Ransom

Ransom

Director: Alex Segal, Glenn Ford, Donna Reed, Leslie Nielsen

Cast: Alex Segal, Glenn Ford, Donna Reed, Leslie Nielsen

     
 
Viewers familiar with the 1996 Mel Gibson blockbuster Ransom may be disappointed that there are no smirking villains, car chases, or bloody fistfights in the original 1956 version of the same story. Even so, the earlier Ransom! has much to offer on a purely dramatic level. Based on the Richard Maibaum-Cyril Hume TV play Fearful Decision, the film

Overview

Viewers familiar with the 1996 Mel Gibson blockbuster Ransom may be disappointed that there are no smirking villains, car chases, or bloody fistfights in the original 1956 version of the same story. Even so, the earlier Ransom! has much to offer on a purely dramatic level. Based on the Richard Maibaum-Cyril Hume TV play Fearful Decision, the film stars Glenn Ford as self-made industrialist David Stannard. When his son is kidnapped and held for 500,000 dollars ransom, Stannard at first sets about to cooperate with the abductors and to raise the necessary funds. Somewhere along the line, however, Stannard's outrage erupts and boils over. Buying air time on a local TV station, he pulls out the half-million dollars, then informs the kidnappers that they'll never get their hands on a single penny. He further threatens to use the money as a reward for the kidnappers' capture, dead or alive, should any harm befall his son. Despite the protests of his wife, Edith (Donna Reed), and the admonishments of his friends, family, business associates and even the police, Stannard sticks fast to his decision...but will he live to regret it? The boy's abductors are never seen in Ransom!; instead, the film concentrates on the multitude of ramifications (including a few political ones) stemming from David Stannard's bold stance. As such, the 1956 Ransom! is in its own way as tense and exciting as the more elaborate 1996 remake.

Editorial Reviews

All Movie Guide - Nathan Southern
Alex Segal's 1956 low-budget thriller Ransom! hides behind its two-dimensional kidnapping premise as a smokescreen. The film's roots run deeper than an abduction -- so much so that the kidnapping, in retrospect, appears a mere afterthought. Segal and his co-writers (Cyril Hume and Richard Maibaum) build the gestalt of their story around David G. Stannard (Glenn Ford), a deeply flawed and errant father figure, who is not only morally impure (he pilfers lumber for his son's clubhouse, illicitly, at a knocked-down cost) but who runs his vacuum cleaner entrepreneurship second-in-command to the older brother to whom he has felt inferior since childhood. To overcompensate for his deep-seated feelings of inferiority, Stannard throws himself into an insane risk following his son's abduction (promising the abductors on television that they will never see a cent of the ransom, and swearing a Bible oath to use the cash as a ransom on their heads), which of course propels the man into a head-to-head battle of wills against his older brother, who thinks him insane. ("I'm sorry for you," the elder moans, ."..on so many levels.") In this sense, Stannard presages Nick Nolte's Sam Bowden in the 1991 Scorsese remake of Cape Fear by 35 years. To call Stannard "less than sympathetic" would be an understatement; he is seriously disturbed and even, arguably, ghastly. Segal's heart lies in the right place -- the psychodramatic prospect of Stannard wrestling with his own demons is far more fascinating than a Z-grade kidnapping plot -- but the child's murder would be a far more logical conclusion to the father's tumultuous inner struggle. (God, how it would have infuriated viewers had it stuck to its guns!) Ransom! suffers from its lack of dramatic momentum throughout; the preponderance of the film asks the audience to sit on folded hands and watch as Stannard cracks up and his wife, Edith (a shattering performance by Donna Reed) teeters on the edge of breakdown, which fails to generate adequate suspense. The flaw may lie, partially, in the producers' decision to lengthen the drama by appending footage onto it. (Segal originally shot an abbreviated version of Ransom! for network television). But the lengthened picture retains two powerful sequences: the weakened and bed-bound Edith's tender atmospheric recollections of the young Stannard's birth and the parents' onscreen discovery of the bizarre kidnapping attempt, which -- because it emerges beneath such an innocent masquerade (a phony nurse arriving at the school to pick the child up for medical tests) -- hauntingly echoes the latent depravity in 1950s Middle America (as evidenced by serial killers Glatman, Starkweather, Beck-Fernandez, etc.), with its eerie sociological parallels to morally schizophrenic Victorian England.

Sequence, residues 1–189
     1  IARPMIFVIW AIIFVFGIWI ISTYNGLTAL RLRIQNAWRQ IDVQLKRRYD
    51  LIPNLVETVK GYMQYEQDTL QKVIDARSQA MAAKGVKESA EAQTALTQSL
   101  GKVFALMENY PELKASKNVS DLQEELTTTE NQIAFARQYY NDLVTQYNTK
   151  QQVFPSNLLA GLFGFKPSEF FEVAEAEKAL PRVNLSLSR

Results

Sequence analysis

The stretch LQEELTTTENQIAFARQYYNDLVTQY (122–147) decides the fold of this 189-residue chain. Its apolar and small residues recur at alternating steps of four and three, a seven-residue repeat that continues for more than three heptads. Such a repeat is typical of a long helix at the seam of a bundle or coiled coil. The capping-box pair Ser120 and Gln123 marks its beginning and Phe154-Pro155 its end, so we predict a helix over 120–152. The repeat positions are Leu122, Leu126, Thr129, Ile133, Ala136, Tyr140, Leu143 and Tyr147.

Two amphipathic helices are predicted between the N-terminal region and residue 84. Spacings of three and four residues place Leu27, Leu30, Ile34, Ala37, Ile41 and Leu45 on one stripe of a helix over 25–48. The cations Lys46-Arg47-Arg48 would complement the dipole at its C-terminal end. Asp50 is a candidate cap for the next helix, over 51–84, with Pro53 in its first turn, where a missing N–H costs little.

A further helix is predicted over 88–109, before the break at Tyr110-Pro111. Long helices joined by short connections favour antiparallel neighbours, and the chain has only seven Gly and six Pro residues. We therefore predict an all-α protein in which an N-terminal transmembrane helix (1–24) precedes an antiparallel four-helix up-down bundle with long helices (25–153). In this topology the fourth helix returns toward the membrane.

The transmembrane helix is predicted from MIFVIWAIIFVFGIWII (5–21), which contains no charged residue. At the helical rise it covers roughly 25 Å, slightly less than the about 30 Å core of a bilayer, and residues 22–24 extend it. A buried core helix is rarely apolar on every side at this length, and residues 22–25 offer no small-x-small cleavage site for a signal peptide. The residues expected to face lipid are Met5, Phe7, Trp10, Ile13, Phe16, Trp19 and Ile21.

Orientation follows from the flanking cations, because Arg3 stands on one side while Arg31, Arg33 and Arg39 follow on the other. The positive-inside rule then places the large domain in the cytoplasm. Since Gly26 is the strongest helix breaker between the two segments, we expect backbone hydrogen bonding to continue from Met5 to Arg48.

Product Details

Release Date:
07/29/2014
UPC:
0888574055523
Original Release:
1956
Source:
Warner Archives
Time:
1:42:00
Sales rank:
14,879

Cast & Crew

Performance Credits
Glenn Ford David G. Stannard
Donna Reed Edith Stannard
Leslie Nielsen Charlie Telfer
Juano Hernandez Jesse Chapman
Robert Keith Chief Jim Backett
Alexander Scourby Dr. Paul Y. Gorman
Richard Gaines Langly
Juanita Moore Shirley Lorraine
Mabel Albertson Mrs. Partridge
Bobby Clark Andy (the kidnapped son)
Ainslie Pryor Al Stannard
Lori March Elizabeth Stannard
Robert Burton Sheriff Jake Kessing
Robert Forrest Fred Benson
Dick Rich Sgt. Wenzel
Mary Ellen Hokanson Nurse

Technical Credits
Alex Segal Director
Jeff Alexander Score Composer
Arthur E. Arling Cinematographer
Cedric Gibbons Art Director
Cyril Hume Screenwriter
Arthur Lonergan Art Director
Richard Maibaum Screenwriter
Nicholas Nayfack Producer
Helen Rose Costumes/Costume Designer
Ferris Webster Editor

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